HDDs experience disturbance forces during normal operation that affect the positioning of the heads on the data tracks. These disturbances may arise internally, such as from motion of the VCM actuator. Because HDDs are used in a variety of environments they are also subject to a wide range of external disturbances, such as from shocks to the HDD frame, movement of other HDDs when multiple HDDs are mounted together in a disk array system, or movement of other computer components, such as compact disk (CD) drives.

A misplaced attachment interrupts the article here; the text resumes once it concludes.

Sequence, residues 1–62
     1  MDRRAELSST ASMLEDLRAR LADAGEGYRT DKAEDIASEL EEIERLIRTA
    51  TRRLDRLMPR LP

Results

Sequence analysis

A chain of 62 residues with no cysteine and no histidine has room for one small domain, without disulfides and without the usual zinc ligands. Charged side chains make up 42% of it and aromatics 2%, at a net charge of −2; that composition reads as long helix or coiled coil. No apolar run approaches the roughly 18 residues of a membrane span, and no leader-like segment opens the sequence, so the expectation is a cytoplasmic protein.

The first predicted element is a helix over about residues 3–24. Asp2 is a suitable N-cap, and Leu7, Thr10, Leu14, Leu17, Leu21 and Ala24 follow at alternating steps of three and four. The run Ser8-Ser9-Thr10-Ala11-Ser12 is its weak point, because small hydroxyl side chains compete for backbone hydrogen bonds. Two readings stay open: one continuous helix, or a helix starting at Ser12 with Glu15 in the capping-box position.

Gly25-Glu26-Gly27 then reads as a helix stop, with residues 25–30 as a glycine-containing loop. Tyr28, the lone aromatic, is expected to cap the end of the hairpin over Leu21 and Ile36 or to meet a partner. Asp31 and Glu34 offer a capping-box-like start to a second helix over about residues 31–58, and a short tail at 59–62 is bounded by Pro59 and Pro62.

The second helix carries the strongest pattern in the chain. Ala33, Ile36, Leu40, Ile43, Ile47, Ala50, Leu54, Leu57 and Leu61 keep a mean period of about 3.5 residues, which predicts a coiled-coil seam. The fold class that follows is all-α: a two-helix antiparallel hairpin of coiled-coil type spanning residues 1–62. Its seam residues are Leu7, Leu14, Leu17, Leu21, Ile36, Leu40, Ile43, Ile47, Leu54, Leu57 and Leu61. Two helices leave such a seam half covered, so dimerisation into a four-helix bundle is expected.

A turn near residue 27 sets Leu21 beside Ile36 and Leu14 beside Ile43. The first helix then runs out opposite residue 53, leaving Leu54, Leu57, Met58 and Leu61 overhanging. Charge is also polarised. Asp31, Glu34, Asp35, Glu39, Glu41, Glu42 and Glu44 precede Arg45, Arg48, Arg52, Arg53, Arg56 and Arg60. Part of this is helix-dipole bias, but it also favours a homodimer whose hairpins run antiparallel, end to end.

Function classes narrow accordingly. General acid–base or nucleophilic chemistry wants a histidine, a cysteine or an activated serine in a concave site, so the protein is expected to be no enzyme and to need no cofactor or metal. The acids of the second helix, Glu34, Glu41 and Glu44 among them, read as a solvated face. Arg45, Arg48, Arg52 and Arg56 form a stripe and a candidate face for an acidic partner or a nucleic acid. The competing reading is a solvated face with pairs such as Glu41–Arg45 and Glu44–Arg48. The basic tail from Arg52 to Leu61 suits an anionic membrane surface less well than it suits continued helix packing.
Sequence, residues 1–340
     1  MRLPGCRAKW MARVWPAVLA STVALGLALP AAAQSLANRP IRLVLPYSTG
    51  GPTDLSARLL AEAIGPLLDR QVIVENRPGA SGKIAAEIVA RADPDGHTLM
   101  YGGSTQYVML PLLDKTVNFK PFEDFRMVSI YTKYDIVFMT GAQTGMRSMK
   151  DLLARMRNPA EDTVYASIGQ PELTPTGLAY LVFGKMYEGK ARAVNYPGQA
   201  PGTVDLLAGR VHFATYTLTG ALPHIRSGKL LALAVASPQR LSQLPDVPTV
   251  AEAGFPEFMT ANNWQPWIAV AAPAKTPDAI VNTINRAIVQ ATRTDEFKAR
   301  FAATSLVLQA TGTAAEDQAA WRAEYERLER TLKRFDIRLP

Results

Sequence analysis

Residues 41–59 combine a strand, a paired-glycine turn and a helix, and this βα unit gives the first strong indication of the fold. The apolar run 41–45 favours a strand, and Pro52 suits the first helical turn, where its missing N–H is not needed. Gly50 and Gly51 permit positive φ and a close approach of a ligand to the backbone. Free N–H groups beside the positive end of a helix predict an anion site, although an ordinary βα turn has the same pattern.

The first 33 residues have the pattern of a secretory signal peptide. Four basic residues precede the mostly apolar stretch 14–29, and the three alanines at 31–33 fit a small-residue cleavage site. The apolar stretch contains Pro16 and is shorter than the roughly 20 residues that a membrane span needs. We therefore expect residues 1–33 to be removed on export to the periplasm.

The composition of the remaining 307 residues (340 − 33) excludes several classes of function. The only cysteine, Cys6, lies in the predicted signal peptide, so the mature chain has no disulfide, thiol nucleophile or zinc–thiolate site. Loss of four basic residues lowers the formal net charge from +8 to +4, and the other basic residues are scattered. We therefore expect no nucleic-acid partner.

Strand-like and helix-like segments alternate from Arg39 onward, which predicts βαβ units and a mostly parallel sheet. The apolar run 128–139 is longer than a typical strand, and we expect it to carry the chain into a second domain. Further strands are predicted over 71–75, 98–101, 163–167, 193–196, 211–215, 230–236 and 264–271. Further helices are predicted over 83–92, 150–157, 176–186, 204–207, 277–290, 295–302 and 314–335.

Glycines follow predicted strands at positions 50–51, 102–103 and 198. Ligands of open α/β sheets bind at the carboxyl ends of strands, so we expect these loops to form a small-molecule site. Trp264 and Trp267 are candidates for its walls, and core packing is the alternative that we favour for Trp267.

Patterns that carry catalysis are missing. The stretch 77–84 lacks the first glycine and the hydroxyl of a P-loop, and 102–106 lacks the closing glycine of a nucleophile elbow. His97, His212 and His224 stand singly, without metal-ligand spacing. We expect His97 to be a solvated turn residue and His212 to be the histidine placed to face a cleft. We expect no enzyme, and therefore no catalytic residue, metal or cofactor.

HDDs may have one or more other types of sensors, such as accelerometers and rotational vibration sensors, that provide measurements of the disturbances. The output of these types of sensors is often used for suspending operation of the HDD until the disturbance has subsided. The measured signal from these types of sensors may also be input to a feedforward controller to create a control signal that compensates for the head's off-track motion caused by the disturbance. This feedforward method works effectively when the disturbance is purely rotational vibration, for which the gain and the phase of the transfer function from the sensor output and the PES is known and does not change. However, head position is affected not only by rotational vibration, but also by various kinds of linear and rotational internal and external disturbances for which the feedforward method is less effective.